In general, grapes produced under organic farming systems are increasing around the world. Since their agronomic system does not allow the use of chemical pesticides and fertilizers, these fruits are perceived by the public as safer and healthier when comparing to those produced by conventional agriculture. However, these grapes are more susceptible to the action of phytopathogens inducing the synthesis of higher amounts of phenolic compounds as protection and defense [14][17]. As a series of studies [18][19][20] have observed, the choice of agricultural practice (organic vs. conventional) resulted in different amounts of resveratrol, anthocyanins, and tannins in grape juices. This difference is due to the fact that no pesticides are used in organic vineyards and that they have a longer ripening period than conventional ones. As flavonoids are formed during this last-mentioned period, it is believed that organic vineyards yield grapes with higher phenolic content [14][21][22].
Hydroalcoholic extracts obtained from the skin/seed/pulp of red grapes are good sources of polyphenols and flavonoids [6], compounds known for their antioxidant action and for their protection against diseases, such as cancer, diabetes, cardiovascular disease, and neurodegenerative diseases. The anthocyanin content of the extracts obtained from the skin of the four varieties of red grapes can be defined as moderate, as it is known that factors, such as maturity and climate, can change the presence of these compounds in grapes. Previous studies [6][7][8][23] revealed that the hydroalcoholic extracts obtained from the skin of the organic system varieties (e.g., Feteasca Neagra, Merlot, and Pinot Noir), contain a high content of polyphenols, flavonoids and tannins.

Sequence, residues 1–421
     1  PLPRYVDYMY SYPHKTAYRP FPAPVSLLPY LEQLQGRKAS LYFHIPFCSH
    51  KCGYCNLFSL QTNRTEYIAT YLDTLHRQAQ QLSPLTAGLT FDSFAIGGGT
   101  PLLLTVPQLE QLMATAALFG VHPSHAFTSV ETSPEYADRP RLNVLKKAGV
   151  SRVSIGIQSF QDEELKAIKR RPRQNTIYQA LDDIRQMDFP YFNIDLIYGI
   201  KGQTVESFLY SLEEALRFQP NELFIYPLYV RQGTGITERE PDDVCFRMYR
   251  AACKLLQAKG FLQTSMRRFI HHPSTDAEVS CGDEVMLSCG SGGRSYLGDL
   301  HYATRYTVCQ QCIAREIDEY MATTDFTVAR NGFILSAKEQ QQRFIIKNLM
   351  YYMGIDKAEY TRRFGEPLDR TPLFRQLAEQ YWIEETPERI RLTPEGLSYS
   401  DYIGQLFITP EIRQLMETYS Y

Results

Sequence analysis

The analytical information contained in complex FTIR and Raman spectra can be extracted using multivariate analysis techniques that relate analytical variables to chemical properties of the matrix constituents [24][25][26][27]. The application of chemometrics together with infrared (IR) spectroscopy has been reported in literature for the analysis of natural products [25][26][27][28], medicinal and aromatic plants and their essential oils, and phenolic compounds [29][30][31][32]. Principal components analysis (PCA) and partial least squares (PLS) regression are some of the most commonly used multivariate data analysis techniques applied to grape and wine analysis [33][34][35]. Compared to traditional methods, multivariate analysis combined with modern instrumental techniques often give new and better insight into complex problems [33].

3. Conclusions